GCH1 is the gene responsible for the first, and rate-limiting, step in producing tetrahydrobiopterin (BH4) which is used as a cofactor in the production or conversion of several neurotransmitters.
Please note that reference GCH1 sequences use the reverse strand. Many journal articles will use minus orientation when reporting results, even for cases where the dbSNP orientation is plus. Some of the significant SNPs in this gene have ambiguous flips which can make interpreting things difficult.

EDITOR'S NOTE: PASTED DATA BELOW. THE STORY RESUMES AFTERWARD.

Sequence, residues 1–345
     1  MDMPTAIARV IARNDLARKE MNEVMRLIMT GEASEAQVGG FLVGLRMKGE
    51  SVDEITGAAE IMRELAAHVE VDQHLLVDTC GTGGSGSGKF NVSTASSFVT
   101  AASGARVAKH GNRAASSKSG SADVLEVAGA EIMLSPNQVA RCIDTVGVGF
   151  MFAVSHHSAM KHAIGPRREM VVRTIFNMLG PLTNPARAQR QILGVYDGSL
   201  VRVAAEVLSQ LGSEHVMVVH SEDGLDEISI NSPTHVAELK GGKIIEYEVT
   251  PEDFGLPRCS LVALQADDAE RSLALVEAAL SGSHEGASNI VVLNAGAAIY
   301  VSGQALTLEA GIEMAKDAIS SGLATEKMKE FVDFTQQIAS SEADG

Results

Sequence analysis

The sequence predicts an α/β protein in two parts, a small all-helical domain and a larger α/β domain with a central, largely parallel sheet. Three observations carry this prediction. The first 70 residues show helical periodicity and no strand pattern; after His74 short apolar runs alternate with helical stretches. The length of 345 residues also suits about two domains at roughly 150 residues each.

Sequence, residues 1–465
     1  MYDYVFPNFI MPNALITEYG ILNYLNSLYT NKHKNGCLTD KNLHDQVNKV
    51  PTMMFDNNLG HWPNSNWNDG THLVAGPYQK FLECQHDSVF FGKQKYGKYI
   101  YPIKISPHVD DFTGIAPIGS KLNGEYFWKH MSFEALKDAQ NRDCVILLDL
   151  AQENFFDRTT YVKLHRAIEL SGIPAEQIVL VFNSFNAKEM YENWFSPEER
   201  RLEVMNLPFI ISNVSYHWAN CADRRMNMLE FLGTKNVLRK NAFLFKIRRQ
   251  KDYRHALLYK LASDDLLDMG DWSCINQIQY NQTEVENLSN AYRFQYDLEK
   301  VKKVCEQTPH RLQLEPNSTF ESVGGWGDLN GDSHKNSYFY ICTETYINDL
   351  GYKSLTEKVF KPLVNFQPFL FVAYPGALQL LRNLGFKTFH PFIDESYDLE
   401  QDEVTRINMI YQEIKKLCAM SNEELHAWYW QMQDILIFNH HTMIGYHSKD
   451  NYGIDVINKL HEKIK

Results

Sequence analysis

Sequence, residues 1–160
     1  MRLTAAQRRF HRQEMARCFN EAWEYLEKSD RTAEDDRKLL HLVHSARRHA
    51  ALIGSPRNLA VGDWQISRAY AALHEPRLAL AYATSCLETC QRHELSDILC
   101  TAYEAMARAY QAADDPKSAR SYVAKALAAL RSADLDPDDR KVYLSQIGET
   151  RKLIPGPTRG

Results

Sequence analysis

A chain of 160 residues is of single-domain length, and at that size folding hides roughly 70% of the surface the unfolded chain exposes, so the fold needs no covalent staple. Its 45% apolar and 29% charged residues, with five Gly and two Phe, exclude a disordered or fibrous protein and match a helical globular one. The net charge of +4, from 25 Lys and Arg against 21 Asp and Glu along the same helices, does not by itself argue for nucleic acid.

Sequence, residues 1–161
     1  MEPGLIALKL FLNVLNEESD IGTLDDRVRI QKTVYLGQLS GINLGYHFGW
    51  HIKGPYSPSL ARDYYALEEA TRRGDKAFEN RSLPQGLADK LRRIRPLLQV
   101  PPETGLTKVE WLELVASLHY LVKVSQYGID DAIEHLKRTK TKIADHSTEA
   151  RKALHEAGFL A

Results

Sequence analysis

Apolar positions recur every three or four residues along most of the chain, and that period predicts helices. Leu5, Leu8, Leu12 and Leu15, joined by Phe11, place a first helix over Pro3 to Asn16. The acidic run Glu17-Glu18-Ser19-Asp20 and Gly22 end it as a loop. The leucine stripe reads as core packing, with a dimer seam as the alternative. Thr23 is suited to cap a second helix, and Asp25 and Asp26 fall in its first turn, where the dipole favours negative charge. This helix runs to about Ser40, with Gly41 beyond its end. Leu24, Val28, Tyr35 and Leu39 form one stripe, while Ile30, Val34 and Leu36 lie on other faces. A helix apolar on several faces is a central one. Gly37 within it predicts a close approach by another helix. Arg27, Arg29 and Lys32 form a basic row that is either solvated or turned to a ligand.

GCH1 activity is regulated by GCHFR.
SNPs are common in the GCH1 gene, and most are benign. However, there are both rare and not-so-rare variants that have clinical consequences.
Rare variants associated with dystonia include:
- Autosomal dominant, loss-of-function mutations; these usually do not lead to hyperphenylalaninemia and so are not detected by newborn screening
- Autosomal recessive, reduction-in-function mutations; these do usually lead to hyperphenylalaninemia, so they are usually detected by newborn screening
Certain more common variants include:
- The variants comprising the "X" haplotype
- rs841, which is in tight (~85 - 95%) linkage with the X haplotype